Section 377A under review: 7 questions to ask yourself
Salt&Light // August 1, 2022, 11:41 pm
Mr K Shanmugam, Singapore’s Law and Home Affairs Minister, said that the Government has been in “extensive discussions” with various groups – including religious leaders and lesbian, gay, bisexual and transgender (LGBT) representatives – on whether changes might be needed to Section 377A, the law which criminalises sex between men.
In February this year, Section 377A saw a legal challenge dismissed by the apex Court of Appeal, a move which saw pro-LGBT activists call for the nation’s leaders to act “urgently and decisively” to repeal what they called a “redundant law”. The annual Pink Dot event saw politicians from both ruling and opposition party in attendance.
The question of what is to be done with 377A should be debated in Parliament, and not in the courts, said Mr Shanmugam on Saturday (30 July). This escalation of events suggests that this may take place sooner rather than later.
What should the Church do? How should believers respond? Here are 7 questions to help you make sense of what is going on, and how you should react.
ON SECTION 377A: 7 QUESTIONS TO ASK OURSELVES
1. What is at stake?
1 Chronicles 12:32 names those from the tribe of Issachar as “men who understood the times and knew what Israel should do”. As believers, we are always called to gain knowledge, understanding and wisdom (Proverbs 4:5-7). We must know the times, and not keep our heads buried in the sand.
Since it was introduced in 1938, Section 377A has served as a moral signpost for Singapore, as acknowledged both by politicians such as Prime Minister Lee Hsien Loong in 2007, and by the churches in 2018.
As we have been called to contend for righteousness, so must we also display loving kindness.
While Mr Shanmugam has said that the Government is considering how to safeguard the current legal position and definition of marriage as between a man and a woman, possibly in the Singapore Constitution, many religious leaders are concerned that repealing Section 377A would trigger the erosion of other moral lines in the sand.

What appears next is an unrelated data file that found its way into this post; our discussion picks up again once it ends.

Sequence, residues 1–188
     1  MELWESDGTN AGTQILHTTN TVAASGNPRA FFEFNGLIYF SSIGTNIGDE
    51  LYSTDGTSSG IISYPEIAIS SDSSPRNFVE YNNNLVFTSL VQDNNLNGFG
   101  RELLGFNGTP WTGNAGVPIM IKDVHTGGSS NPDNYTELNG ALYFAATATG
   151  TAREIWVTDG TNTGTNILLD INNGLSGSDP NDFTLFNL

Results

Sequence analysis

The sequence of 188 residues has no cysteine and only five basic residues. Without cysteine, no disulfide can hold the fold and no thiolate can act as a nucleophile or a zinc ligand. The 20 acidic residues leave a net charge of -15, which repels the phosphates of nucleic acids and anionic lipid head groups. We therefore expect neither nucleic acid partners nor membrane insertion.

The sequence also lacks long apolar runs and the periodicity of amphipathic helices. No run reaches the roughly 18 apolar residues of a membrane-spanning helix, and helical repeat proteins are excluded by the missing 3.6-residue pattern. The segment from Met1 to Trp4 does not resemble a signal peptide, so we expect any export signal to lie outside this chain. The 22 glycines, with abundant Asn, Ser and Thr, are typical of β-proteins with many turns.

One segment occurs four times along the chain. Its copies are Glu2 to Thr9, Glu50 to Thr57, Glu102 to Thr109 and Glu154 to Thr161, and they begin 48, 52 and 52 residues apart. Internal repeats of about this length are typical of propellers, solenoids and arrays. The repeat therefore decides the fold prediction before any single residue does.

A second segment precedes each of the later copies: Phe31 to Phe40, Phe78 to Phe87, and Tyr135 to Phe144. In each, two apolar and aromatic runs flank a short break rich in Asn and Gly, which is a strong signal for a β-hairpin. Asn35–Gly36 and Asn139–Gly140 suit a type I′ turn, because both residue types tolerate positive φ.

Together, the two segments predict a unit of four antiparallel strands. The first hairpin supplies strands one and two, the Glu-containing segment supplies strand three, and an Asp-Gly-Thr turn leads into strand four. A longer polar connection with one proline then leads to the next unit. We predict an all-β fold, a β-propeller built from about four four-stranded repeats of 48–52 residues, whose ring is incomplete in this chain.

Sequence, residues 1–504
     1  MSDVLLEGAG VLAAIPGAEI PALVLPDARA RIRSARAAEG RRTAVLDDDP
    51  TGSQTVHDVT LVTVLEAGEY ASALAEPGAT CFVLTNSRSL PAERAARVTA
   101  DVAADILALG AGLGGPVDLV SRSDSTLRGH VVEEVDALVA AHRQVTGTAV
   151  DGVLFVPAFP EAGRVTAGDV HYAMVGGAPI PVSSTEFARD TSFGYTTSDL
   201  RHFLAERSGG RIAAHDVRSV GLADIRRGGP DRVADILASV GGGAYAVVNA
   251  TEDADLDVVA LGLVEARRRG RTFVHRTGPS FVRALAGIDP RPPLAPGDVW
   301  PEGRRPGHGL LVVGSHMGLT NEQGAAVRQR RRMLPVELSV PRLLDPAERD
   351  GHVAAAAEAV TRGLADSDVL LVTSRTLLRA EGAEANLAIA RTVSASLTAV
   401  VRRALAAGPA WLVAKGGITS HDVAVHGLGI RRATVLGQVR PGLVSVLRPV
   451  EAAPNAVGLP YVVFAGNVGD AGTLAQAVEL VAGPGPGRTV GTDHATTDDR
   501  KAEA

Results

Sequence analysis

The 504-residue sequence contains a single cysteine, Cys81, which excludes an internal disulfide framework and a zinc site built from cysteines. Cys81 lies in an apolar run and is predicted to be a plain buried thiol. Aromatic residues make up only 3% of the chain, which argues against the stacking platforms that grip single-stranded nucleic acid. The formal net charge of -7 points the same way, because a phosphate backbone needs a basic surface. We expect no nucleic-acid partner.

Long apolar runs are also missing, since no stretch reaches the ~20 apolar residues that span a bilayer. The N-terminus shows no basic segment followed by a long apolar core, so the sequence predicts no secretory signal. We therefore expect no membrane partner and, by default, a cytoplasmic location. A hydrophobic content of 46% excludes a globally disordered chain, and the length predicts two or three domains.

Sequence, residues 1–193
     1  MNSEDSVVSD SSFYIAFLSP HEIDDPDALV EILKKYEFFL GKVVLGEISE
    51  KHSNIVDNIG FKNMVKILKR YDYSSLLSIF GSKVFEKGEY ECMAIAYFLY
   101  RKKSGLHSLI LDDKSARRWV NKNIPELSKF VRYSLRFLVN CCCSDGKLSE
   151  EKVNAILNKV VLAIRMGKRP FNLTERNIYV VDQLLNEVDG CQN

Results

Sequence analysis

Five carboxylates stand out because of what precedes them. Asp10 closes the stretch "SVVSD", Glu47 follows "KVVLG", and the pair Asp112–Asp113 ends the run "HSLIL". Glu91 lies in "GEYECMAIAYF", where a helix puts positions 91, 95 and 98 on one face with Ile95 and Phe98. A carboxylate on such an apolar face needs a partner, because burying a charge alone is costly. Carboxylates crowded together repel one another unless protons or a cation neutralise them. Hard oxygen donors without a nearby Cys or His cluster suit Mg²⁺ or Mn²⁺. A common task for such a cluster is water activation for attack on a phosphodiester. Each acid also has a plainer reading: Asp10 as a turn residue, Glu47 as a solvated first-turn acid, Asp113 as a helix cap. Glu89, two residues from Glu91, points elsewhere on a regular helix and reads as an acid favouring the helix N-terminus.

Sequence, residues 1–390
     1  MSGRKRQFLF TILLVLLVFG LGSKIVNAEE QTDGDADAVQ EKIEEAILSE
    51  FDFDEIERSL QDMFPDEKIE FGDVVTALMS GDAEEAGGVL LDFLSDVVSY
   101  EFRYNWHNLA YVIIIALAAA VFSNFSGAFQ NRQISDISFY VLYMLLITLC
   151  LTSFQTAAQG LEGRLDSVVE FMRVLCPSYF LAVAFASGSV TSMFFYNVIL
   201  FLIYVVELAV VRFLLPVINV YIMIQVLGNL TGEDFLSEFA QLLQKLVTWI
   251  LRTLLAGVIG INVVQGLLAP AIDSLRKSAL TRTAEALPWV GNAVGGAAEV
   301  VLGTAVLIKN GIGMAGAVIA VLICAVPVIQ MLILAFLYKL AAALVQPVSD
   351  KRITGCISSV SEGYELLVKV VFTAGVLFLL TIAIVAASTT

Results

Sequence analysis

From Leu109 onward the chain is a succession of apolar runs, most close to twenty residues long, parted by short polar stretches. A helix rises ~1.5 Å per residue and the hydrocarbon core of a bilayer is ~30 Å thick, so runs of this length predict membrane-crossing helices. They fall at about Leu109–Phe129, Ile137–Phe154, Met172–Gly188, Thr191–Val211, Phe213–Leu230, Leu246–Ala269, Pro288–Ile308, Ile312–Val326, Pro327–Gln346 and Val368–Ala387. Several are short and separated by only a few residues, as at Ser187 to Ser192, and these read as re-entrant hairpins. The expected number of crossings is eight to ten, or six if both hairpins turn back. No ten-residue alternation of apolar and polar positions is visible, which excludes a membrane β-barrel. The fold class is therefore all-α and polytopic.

As a speaker at Pink Dot this year said: “If 377A is repealed, it’s the beginning of a long road to equality, not the end.” This “long road to equality” would cover ground including what is permissible in the sex education curriculum in schools, LGBT portrayals in local media, or ratings for foreign movies with LGBT scenes.
The freedom to practise religion according to established doctrine, which is protected in Article 15 of the Singapore Constitution, could come under threat. Religious bodies could potentially not be at liberty to step down LGBT leaders, excommunicate LGBT members, or reject requests to solemnise gay weddings, as has been the case in other countries where similar laws have been set in place.
One more thing at stake: the witness of the Church.
As we have been called to contend for righteousness, so must we also display loving kindness, just like the God we worship (Jeremiah 9:24). Just like Jesus, we should be equal parts truth and love (Ephesians 4:15).
If our entire approach to the question of Section 377A is solely to battle for what we believe is right, without considering how to speak in love and offer help to those who need it, the witness of the Church as representing a God of love will be compromised.
Which is why, even as we consider what is at stake, we must ask the question …
2. Who is in need?
We’re in the business of helping people. We help people discover Jesus; even when we rebuke or correct, we do so trying to help restore them to a relationship with God (Matthew 18:15, Galatians 6:1).
Every church must be a church of open doors, willing to welcome anyone – regardless of professed gender preferences – who walks through our doors; willing to minister to every broken heart; willing to bless anyone in need.
Pointing people down the path of righteousness – maybe even leading them to repentance – is an act of love.
Believers struggling with same-sex attraction should never have to worry about being ostracised, feared or looked down upon by the church community. In fact, churches should be actively seeking ways to minister to this group with love and understanding.
Loving someone does not mean having to compromise our beliefs and condone behaviour that runs counter to the Word of God. It means recognising the inherent worth of every person as one made in the image of God, and treating them with respect, dignity and compassion.
Pointing people down the path of righteousness – maybe even leading them to repentance – is also an act of love, as it opens the door for their restoration to Father God. Malachi 4:2 describes how the sun of righteousness brings healing in its rising, while Malachi 4:6 links repentance with salvation.
3. What stands against righteousness?
We are to love righteousness and hate wickedness (Psalm 45:7, Hebrews 1:9). We are to warn when people turn away from righteousness (Ezekiel 3:20-21). Righteousness exalts a nation, but sin condemns any people (Proverbs 14:34).